We’d like to invite you to meet the team to talk about the role.
It’s great to hear those words! Most companies won’t take the time to bring someone in for an in-person interview unless there is genuine interest. This article will help you maximize the opportunity.
As a reminder, the in-person interview is like speed dating. Both sides are trying to look for a good potential fit. Like dating: It’s not totally a scientific process. After prepping hundreds of people for interviews over 20 years, here are my Top 10 tips to help you ace your in-person job interview and find a match.
First, here’s a recruiter insider secret: The internal recruiters at a company should be interview pros, but most hiring managers and team members you meet are not. Most company hiring managers have not been formally trained in interviewing, and which means they’re often just as nervous as you.
As a result, the inexperienced people fall into “interviewer bias.” They respond more to first impressions and look for people like them. With that in mind, use these 10 quick tips to give yourself a competitive edge.
1. Do your research
Come prepared knowing everything you can about the company’s basic facts, industry, news, competition, competitive trends, insight from friends who work there, and reviews. This helps you ask better questions, and they will be impressed by your prep. It’s OK to bring your notes.
2. Be a secret shopper
Consider “secret shopping” at the company to give firsthand feedback on your experience as a customer (or prospect). This quickly changes the conversation to engaging questions like, “What did you think? What did you like? What ideas do you have for how we could improve?”
3. Practice the Top 2 questions
In every interview you will always get asked these two questions in some form: 1) What are you looking for?, and 2) Why are you interested in us?
These are the most important questions to prepare for, and strong responses can make a hugely positive first impression. Learn why these questions are so important, and how to answer them well.
4. Prepare your case studies
Facts tell, but stories sell. A good interview answer recites relevant facts and details. A great interview answer adds context with a compelling 3-4 narrative with you as the hero. Prepare personal case studies to share.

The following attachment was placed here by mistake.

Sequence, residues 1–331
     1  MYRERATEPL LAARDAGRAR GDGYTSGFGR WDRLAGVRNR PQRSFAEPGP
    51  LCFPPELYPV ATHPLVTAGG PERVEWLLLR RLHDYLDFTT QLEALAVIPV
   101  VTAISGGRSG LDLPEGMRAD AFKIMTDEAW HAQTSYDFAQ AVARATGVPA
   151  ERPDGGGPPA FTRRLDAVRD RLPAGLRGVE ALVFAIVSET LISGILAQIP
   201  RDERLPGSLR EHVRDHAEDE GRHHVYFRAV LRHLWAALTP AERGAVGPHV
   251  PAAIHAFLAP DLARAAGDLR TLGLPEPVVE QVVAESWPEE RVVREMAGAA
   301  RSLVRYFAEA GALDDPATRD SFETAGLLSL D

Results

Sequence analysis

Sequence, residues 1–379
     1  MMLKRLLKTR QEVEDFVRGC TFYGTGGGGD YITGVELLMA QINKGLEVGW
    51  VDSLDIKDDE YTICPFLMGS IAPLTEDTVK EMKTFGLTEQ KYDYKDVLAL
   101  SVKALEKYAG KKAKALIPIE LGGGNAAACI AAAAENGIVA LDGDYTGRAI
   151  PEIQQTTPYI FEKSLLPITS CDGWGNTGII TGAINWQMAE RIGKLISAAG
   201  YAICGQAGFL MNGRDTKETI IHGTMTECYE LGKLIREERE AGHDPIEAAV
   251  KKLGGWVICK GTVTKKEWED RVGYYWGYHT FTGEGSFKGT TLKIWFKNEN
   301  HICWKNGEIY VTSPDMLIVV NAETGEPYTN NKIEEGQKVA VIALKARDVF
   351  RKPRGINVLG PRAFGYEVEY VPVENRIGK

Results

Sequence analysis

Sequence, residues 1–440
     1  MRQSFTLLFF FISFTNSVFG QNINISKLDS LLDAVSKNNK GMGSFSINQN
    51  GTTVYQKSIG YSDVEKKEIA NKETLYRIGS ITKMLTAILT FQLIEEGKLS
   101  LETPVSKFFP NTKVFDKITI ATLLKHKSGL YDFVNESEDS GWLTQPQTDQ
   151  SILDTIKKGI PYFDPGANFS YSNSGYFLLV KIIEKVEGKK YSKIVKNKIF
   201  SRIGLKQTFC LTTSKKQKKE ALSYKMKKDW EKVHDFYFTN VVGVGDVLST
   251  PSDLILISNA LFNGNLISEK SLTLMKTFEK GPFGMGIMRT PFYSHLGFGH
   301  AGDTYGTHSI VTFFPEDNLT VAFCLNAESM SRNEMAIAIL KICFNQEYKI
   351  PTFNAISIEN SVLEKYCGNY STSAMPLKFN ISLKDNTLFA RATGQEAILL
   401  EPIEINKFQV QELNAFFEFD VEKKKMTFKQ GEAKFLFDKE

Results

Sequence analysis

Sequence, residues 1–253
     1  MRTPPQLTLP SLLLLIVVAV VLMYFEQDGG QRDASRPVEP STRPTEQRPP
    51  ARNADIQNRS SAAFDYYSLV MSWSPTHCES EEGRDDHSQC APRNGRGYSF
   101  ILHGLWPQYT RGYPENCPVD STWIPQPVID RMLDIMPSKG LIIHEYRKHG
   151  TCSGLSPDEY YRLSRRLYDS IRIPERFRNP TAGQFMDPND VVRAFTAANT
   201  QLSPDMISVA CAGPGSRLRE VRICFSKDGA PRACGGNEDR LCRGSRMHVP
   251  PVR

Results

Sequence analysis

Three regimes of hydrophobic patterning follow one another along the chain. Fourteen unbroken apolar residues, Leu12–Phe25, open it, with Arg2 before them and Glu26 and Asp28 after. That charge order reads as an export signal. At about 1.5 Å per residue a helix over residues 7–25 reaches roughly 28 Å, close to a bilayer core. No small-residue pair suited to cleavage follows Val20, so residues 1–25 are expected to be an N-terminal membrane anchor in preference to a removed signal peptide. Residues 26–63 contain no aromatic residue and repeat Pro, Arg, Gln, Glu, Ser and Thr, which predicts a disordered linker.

5. Dress one level above
In today’s business casual world and startup culture, the decision on what to wear to an interview can be confusing. If you haven’t seen the office in person, it’s OK to ask the recruiter at the company about the typical attire, in order to prevent surprises. Whatever the recruiter says, I recommend dressing one level above, but not two. For example, if people wear jeans and a dress shirt at the office, wear the same plus a casual sports coat, or a nice black sweater over the dress shirt, but not a tie.
6. Get there early
Give yourself enough travel time to arrive without feeling rushed so you can remain in a focused state of mind. Getting there a few minutes early also gives you a chance to observe the lobby area, people in the office, and decorations on the wall, all of which can provide good insight and conversation starters.
7. Come with a “first day of work” mindset
Imagine how you would talk and interact with team members on your first day of work. Professional, but not stuffy. Confident, but respectful. Inquisitive and curious, with questions on how things work and ready to brainstorm ideas. Visualize yourself already working there, and out of that confidence you can laugh at yourself and be at peace.
If you can do this well, the company will also start to visualize you on the team. They might even say things like, “Wow, it feels like you are already working for us. You fit right in!” That is an interview win.
8. Lean forward
People tend to mirror each other in social situations. When you lean back, they will lean back. When you lean forward, they will lean forward. Smile and they will smile. Go ahead, test this theory next time you chat with a friend over coffee. Very entertaining. In an interview, if you lean forward when making a point or telling key story, you’ll naturally increase engagement and attention with the listener.
9. Get them talking—ask questions
The more you can get your interviewer to talk, the better your interview will be perceived. People like to talk about themselves, so give them a chance and they will like you for it, strange as that may sound.
Questions also show a level of engagement, and you gain insights to help fine-tune your answers. Here are a few sample questions you could ask:
- * What brought you to this company, and why do you like it here?
- * What is the history of this role?
- * What key problems does this role solve for you?
- * If we mutually decided this is a good fit, what key success metrics would make you say, “Great job,” after my first year?
- * What are the key goals for your role in the next year and how could I help you succeed?
- * From your experience, how would you describe what makes a good culture fit here?
- * What does a “typical” day look like?
- * From my research, it seems you compete with _____, right? What gives you the competitive edge and winning deals over them?
- * What key things are you looking for to make your decision about whom to hire for this role? What does the process look like going forward from here?
10. Be yourself
When studying a company and reading interview advice, it’s easy to psych yourself out and start talking and acting like someone you think they want to see. Be professional, but relax and be yourself. If the company feels your natural self isn’t the right fit, you probably wouldn’t like the job either. People can smell a fake. Take a deep breath, and be at peace and confident with what you uniquely can offer.
Have fun, and good luck!
For more helpful job search tips: Ultimate Job Search Guide: Recruiter Insider Tips